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History of the Standing Liberty Quarter

Standing Liberty Quarters

The United States Mint began producing coinage in 1792, issuing numerous denominations and a variety of designs over the years. It was nearly 100 years, however, before there was any regulation as to how often designs changes occurred.

The Coinage Act of 1890 prohibited the mint from changing a coin’s design unless the design had been used for at least 25 years (though Congress could approve changes before that time period was reached). Previously, changes to designs could occur at any point and sometimes even changed after being in use for as little as a month.

In 1916, the mint determined a new coin design was needed to replace the popular Barber design. At that point, the design had been in circulation for 24 years and U.S. Mint officials incorrectly interpreted the 1890 law as requiring a design change every 25 years, rather than permitting it. And thus, the Standing Liberty design was introduced.

Designed by Hermon A. MacNeil, the Standing Liberty is representative of the artistic vigor of the early 20th century. Lady Liberty is standing in the opening of a wall or parapet, wearing a flowing gown, holding a shield and olive branch, to simultaneously symbolize protection and peace.

The first subtype of this coin has drapery across Liberty’s body exposing her right breast, which caused public disapproval for the design. The 1896 Silver Certificate had a similar display of partial nudity, reportedly causing consternation and disapproval from various groups, resulting in some bankers refusing to handle the notes. The mint’s official explanation was, “the recently adopted design for the quarter dollar has been modified slightly for the purpose of increasing its artistic merit.”

Approximately halfway through 1917, a second design was introduced to cover Liberty’s upper body with a coat of chainmail, remaining through the end of the series, though there were two slight variations as in 1925, the date, located just below Liberty’s foot, was recessed to protect it from premature wear. For quarters minted in Denver or San Francisco, the mintmark is located to the right of the bottom star in the left column.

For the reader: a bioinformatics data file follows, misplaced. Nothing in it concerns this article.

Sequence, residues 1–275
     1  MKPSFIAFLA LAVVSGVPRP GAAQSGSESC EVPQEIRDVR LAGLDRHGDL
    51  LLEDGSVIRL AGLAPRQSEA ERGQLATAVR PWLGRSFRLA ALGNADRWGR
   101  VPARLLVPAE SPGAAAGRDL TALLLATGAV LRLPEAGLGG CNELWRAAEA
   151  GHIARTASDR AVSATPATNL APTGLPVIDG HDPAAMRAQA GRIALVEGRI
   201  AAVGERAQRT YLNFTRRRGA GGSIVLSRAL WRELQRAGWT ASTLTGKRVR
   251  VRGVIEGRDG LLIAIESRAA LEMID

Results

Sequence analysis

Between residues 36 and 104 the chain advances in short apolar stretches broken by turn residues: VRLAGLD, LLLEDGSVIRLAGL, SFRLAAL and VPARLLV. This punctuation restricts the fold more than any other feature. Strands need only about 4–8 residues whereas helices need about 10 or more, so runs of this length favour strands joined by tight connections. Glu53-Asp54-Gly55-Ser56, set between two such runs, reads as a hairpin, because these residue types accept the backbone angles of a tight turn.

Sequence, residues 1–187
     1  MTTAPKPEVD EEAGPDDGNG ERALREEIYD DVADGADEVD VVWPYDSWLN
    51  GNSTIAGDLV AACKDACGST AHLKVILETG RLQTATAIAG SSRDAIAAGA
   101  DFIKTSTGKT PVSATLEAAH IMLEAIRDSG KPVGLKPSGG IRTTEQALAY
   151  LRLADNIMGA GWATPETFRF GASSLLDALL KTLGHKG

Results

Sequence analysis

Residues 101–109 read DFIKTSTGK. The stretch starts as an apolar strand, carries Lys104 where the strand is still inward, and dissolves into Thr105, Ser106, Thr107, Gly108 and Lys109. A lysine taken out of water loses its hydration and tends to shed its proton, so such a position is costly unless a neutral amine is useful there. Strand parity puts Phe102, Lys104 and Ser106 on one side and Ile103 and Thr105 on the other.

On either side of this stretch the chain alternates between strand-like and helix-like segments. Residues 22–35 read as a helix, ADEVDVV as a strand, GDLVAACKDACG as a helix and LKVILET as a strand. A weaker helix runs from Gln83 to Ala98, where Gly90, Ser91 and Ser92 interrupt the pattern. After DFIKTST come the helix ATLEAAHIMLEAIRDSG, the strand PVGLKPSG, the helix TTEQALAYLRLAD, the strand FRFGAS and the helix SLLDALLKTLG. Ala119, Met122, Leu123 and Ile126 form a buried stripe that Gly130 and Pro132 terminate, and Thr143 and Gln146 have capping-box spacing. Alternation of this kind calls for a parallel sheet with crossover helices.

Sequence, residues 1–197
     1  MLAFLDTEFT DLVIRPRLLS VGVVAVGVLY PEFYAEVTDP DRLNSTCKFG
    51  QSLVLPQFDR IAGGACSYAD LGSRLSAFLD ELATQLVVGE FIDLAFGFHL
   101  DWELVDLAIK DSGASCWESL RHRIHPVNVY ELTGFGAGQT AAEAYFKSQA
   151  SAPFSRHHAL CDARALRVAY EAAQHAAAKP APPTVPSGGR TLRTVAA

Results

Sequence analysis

The reverse shows an eagle in flight, wings outstretched. On Type 1 examples, there are seven stars on the left and six stars on the right, with no stars below the eagle. Type 2 examples have five stars on the left, five stars on the right and three stars below. The eagle is also slightly higher within the design.

Because of the design differences, ANA’s grading guide lists separate criteria for Type 1 and Type 2 coins. There are slight variances in grading Type 1 and Type 2 quarters, but there are more similarities than differences. The most prized Standing Liberty quarter dollars are those that have a “full head” or FH. The criteria for having a full head on Type 1 designs is having a “complete definite raised line of hairline separation from the forehead, cheekbone and throat areas. The design must be continuous, even though the border line may not.” The criteria for having a full head on Type 2 designs is “the three leaves must be complete down to their connecting point, the ear hole must be visible, and there must be a complete, unbroken hair line from the forehead to the jaw area and around under the ear hole to its termination at the back of the neck.”

The Standing Liberty is one of the most iconic, and perhaps somewhat controversial, designs of American coinage. Shop Standing Liberty Quarters, from bags or rolls to PCGS or NGC certified coins, now at APMEX!

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